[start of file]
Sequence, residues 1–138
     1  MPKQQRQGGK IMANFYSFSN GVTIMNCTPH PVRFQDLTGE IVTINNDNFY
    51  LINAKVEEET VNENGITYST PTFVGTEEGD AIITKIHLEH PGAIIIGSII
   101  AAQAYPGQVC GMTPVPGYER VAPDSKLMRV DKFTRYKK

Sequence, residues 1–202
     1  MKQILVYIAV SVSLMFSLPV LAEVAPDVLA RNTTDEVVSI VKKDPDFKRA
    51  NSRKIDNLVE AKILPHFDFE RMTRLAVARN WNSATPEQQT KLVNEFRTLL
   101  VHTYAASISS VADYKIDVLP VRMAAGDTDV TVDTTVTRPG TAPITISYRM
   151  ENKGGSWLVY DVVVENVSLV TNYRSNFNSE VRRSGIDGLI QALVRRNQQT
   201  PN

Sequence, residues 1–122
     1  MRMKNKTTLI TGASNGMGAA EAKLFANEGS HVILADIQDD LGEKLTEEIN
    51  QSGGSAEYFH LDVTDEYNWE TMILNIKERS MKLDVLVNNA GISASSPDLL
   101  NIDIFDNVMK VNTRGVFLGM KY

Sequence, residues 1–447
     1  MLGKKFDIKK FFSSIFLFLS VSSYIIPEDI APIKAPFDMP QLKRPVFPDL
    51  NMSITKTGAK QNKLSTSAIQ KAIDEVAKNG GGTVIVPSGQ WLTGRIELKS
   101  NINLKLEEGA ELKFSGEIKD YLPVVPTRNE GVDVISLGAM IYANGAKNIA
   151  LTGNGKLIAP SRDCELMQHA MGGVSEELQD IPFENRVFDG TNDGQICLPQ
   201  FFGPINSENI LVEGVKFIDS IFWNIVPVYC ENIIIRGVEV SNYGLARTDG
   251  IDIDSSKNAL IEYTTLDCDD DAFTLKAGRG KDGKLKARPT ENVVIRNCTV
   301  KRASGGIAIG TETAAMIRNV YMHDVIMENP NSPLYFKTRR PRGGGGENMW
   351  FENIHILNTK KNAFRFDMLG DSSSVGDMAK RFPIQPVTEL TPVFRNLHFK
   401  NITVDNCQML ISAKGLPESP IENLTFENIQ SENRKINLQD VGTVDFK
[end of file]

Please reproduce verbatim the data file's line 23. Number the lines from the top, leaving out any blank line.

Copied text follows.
   351  FENIHILNTK KNAFRFDMLG DSSSVGDMAK RFPIQPVTEL TPVFRNLHFK